Use of Performance-Enhancing Drugs Could Continue in MLB

Sep 8, 2005

By Lindsay C. Cooper of
Weinstock, Friedman and Friedman
Headlines about professional athletes using performance-enhancing drugs, whether secretly or unknowingly, during their tenure as major league players are becoming commonplace. Yet, these players are allowed to return to the fields and achieve other goals that they may not have been able to achieve without the use of those drugs.
Steroid use in professional sports is nothing new, neither is the increased scrutiny over Major League Baseball’s stand. The likes of Barry Bonds, Jason Giambi and Gary Sheffield testified before a federal grand jury in December of 2003, with Giambi and Sheffield admitting to their use of steroids (according to the San Francisco Chronicle) even though Sheffield said he wasn’t aware that the substances he was using contained steroids.
Fast forward to 2005, when a steroid-related book that rocked MLB and emotion testimony of several superstars before Congress took center stage.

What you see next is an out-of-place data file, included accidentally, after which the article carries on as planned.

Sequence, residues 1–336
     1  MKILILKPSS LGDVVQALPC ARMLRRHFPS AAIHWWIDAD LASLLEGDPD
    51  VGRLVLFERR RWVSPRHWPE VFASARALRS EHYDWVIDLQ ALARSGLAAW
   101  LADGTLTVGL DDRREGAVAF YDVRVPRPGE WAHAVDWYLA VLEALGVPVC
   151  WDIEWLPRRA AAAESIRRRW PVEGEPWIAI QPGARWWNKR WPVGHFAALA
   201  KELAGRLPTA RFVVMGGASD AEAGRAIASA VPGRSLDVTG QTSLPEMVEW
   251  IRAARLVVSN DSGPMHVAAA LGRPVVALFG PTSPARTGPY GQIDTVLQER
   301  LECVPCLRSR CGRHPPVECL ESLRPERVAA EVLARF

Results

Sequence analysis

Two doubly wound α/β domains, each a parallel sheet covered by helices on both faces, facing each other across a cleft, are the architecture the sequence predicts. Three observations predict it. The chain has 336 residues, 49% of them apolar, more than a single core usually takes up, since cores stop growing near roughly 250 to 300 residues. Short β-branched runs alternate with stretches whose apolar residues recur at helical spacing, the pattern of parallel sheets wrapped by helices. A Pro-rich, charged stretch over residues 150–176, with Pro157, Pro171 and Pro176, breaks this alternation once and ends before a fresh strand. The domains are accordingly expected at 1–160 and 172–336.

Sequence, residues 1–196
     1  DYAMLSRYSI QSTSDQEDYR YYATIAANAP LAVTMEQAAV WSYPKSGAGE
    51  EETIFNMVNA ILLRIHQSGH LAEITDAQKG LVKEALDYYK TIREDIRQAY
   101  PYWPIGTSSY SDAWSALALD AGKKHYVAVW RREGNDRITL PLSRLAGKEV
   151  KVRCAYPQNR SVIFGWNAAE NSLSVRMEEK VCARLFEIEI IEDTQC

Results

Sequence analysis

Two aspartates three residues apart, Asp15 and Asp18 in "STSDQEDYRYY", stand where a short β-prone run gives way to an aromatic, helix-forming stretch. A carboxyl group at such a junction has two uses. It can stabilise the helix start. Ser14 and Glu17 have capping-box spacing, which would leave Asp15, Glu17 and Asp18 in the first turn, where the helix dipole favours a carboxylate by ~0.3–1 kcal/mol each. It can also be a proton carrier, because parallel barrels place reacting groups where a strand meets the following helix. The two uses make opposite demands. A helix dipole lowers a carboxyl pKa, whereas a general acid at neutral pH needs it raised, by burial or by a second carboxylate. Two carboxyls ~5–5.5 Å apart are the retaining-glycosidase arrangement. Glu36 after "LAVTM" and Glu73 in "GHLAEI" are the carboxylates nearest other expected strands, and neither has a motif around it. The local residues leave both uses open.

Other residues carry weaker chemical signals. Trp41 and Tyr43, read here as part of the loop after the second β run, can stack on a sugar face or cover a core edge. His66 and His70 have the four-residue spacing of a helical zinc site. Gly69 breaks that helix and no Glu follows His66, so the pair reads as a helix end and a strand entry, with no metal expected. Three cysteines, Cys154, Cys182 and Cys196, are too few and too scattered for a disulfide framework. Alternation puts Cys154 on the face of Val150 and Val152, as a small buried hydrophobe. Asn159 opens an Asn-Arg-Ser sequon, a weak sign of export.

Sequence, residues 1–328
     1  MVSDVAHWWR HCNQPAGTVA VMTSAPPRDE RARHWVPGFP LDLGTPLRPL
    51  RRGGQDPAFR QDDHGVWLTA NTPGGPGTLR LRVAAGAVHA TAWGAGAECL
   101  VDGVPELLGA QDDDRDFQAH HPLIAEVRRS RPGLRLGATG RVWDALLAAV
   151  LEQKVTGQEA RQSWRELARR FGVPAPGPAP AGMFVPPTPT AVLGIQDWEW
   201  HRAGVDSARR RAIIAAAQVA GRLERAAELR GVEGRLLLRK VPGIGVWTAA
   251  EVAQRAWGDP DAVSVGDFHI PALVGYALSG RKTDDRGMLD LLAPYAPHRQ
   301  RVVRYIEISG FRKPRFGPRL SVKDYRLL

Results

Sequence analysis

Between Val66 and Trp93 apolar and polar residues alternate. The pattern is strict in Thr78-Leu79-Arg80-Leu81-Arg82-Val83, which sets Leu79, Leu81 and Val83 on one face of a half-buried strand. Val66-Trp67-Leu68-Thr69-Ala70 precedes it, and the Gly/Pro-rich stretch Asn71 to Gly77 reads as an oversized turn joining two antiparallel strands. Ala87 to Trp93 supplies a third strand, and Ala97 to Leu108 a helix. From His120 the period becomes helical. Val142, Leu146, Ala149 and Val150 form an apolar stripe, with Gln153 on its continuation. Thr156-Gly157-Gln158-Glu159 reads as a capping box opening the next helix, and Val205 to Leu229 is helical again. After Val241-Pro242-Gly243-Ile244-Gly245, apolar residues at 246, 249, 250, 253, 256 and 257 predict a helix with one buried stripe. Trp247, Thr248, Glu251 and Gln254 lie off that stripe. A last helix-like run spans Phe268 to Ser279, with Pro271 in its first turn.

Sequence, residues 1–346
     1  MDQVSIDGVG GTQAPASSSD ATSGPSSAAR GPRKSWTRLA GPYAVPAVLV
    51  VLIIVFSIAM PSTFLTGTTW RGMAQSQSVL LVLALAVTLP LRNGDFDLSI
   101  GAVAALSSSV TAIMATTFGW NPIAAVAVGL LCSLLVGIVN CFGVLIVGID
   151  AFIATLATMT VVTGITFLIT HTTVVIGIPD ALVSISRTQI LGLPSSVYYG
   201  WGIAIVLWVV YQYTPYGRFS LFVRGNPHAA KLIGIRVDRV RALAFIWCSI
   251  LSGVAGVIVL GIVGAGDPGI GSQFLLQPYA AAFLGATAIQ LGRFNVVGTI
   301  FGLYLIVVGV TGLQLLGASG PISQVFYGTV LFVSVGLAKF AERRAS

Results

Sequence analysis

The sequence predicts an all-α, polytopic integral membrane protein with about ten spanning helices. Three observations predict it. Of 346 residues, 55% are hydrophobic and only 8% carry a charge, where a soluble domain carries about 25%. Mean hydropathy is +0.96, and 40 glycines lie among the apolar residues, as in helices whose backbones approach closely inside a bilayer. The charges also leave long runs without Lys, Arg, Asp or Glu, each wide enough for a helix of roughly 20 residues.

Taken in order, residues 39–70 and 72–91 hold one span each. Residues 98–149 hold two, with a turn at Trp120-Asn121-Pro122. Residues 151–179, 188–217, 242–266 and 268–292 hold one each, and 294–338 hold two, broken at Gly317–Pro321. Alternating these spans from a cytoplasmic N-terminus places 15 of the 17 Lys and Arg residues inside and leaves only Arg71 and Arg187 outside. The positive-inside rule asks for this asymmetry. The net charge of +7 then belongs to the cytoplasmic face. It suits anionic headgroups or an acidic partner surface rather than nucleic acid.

Among those superstars was Rafael Palmeiro, who vehemently claimed that he “never used steroids.” Two months after that testimony, MLB suspended Palmeiro because a drug test allegedly revealed that he had taken stanozolol, a “very tough steroid.” Baseball then went silent, awaiting Palmeiro’s response to a 10-game suspension it had administered.
But, just what kind of response can Palmeiro give? According to Newsday, steroid experts tell baseball officials the drug almost assuredly did not enter Palmeiro by way of “accident or sabotage,” seemingly squashing Palmeiro’s statement that he “unintentionally” used the steroid, which is commonly used to treat angiodema. Angiodema is a swelling of the deep layers of the skin, and it is unclear whether Palmeiro suffered from this condition.
Despite everything, Palmeiro remained an Oriole, even with his use of steroids, and amid a possible investigation that he perjured himself in his Congressional testimony. Two congressmen are now said to be looking into details surrounding Palmeiro’s suspension, sending a list of questions to Major League Baseball Commissioner Bud Selig.
Still a Future Hall of Famer?
Will this suspension and failed steroid test keep Palmeiro out of the Hall of Fame given his 3000th major league hit? Probably not, unless there is a morals clause put into the Hall of Fame induction requirements. Could Palmeiro be fired from the Baltimore Orioles for the use of steroids? Arguably, according to the Baseball Think Factory, “an MLB team could still void or cancel a contract with the MLB player for using PEDs [performance enhancing drugs and substances] pursuant to the morals clause or the players’ fitness representations.” Will it happen? Probably not. Palmeiro likely will remain a Baltimore favorite.